Heroin is hip again. And until the consciousness of the world changes, dope will be around for anyone with the nerve to think they can handle it. But whether you’re “given your wings” (first injected) by a friend or seek them out yourself as you would the perfect lover, heroin addiction is for life.

Sure, I’ve met some people who tried junk and then decided it wasn’t for them. But for me and many others with the disease of addiction, a shot of dope is like coming home. How to describe the power of that relief? I could liken it to the feeling of food in a starving belly, but that wouldn’t even come close.

Because heroin is sooooo good, I wanted it all the time. This is how it usually goes: First you try it (you’re in control), next you like it (still in control), then you love it (isn’t this great?), spend all your money to supply your ever-increasing need (you can stop anytime you like), beg, borrow or steal (fuck anyone who gets in the way), and finally your sense of humanity rolls downhill to keep pace with your raging habit, leading to the corruption of your morals, criminal behavior, jail, illness, AIDS or death.

This was my process, and I don’t know any dope fiend who hasn’t gone through it. Some take longer than others, but in the end you go down. And when that happens, the chance to get a break from active drug life becomes attractive.

For me it happened years ago as I sat on a stoop on the Lower East Side at 4 a.m., broke and alone, thinking, “I was supposed to die from this shit already.” Then it dawned on me: I was going to live. This scared me more than the thought of AIDS. (I didn’t know then that I already had HIV, and if I’d continued using, odds are I would have died pretty quickly.)

Determined to  break from the lifestyle, and since I couldn’t stop using heroin without chemical support, I enrolled in a methadone maintenance program. I was familiar with the clinic from purchasing meth illegally outside when no dope was around.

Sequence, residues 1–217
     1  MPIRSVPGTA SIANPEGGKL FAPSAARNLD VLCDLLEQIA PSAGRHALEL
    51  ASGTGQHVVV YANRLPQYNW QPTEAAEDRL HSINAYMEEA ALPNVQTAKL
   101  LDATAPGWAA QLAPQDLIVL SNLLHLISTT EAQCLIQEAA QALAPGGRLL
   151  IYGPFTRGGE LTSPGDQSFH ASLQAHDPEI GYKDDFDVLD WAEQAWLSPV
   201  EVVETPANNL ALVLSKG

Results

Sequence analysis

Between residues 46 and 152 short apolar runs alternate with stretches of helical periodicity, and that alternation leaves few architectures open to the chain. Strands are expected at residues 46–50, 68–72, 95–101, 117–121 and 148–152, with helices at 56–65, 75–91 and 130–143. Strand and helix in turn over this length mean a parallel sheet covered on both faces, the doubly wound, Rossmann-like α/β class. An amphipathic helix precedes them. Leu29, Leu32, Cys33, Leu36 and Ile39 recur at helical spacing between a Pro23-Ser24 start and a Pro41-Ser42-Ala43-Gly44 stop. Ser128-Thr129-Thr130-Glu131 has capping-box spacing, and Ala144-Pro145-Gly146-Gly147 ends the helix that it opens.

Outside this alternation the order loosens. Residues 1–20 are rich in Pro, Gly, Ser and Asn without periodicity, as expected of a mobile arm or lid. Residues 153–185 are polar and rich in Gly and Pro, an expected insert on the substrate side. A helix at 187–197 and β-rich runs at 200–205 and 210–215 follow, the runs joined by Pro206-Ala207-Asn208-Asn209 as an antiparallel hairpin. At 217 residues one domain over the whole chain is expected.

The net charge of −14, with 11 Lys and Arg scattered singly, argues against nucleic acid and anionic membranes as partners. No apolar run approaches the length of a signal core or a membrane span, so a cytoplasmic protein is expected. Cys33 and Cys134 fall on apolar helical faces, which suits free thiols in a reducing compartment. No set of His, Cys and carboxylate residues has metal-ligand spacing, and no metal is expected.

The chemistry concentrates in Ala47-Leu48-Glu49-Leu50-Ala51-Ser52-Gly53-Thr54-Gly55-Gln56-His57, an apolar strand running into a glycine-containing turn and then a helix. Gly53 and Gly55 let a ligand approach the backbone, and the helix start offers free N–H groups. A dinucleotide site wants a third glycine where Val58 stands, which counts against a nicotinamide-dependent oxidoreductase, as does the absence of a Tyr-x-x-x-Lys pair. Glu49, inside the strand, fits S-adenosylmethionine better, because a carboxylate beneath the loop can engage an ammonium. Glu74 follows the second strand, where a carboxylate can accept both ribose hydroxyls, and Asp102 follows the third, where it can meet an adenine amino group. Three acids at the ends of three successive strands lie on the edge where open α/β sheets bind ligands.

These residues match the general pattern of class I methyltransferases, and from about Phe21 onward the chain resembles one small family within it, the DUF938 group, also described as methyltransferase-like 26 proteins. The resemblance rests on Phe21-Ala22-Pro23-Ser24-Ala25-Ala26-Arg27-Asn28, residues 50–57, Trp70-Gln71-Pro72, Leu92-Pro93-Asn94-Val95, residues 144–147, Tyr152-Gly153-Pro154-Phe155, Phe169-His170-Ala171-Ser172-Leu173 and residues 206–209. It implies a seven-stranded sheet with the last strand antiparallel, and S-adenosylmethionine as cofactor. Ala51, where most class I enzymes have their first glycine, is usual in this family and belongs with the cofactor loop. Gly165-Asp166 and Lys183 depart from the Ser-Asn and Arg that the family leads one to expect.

Getting used to a life without dope takes time. The urge to supplement a dose of methadone with other substances doesn’t fade overnight. To my “blocking dose” of meth—which keeps you from getting dope-sick (going into withdrawal) and from getting high if you choose to use heroin—I added coke, alcohol, pills and pot.

After two weeks I stabilized on my dosage and—when not mixing in other  substances—felt as close to “normal” as a dope fiend on meds can. Methadone, taken as prescribed, doesn’t get you high after the initial adjustment period. But it is highly addictive, and once hooked, you get very ill if you don’t have it daily.

Trust me, your body knows when it’s meth time; there’s no skipping a day and feeling OK. I’d get on my motorcycle and ride 30 miles in 40-degree weather to get to the clinic. For quite some time I couldn’t think of traveling far from New York City for fear of being kept from my dose.

After 90 days I got take-home privileges (methadone-to-go) because I’d met certain criteria, such as regularly passing pee tests. I admit, I “swung” with mine (switched my drug-laced pee with a clean jar of someone else’s, at $5 an ounce) a few times. But eventually I could follow most rules: I got to the program when I was supposed to, drank the pink liquid and showed up at my scheduled doctor and counselor appointments.

It took me years to settle down. Like most dope fiends, I was stubborn. Being clean held no appeal until I began to build a life using only my daily prescribed methadone dose. Therapy became a possibility, then a fact, of my life. I went into physical and emotional training with my program counselor as coach. I never faltered or relapsed, but it took two years to detox and become drug-free, as I slowly decreased my meth dosage and prepared for a life with no crutch. It was the hardest thing I’ve ever done.

At the end of my program I was diagnosed with HIV. Who knows what I would have done if I’d found out before getting clean? But I do know this: With a sober state of mind, I was able to take care of my health and find a support system. A decade has passed since that first day off methadone. Now, when faced with illness or other challenges, I use an expression I learned from my best partner ever: “It’s nothing for a player.”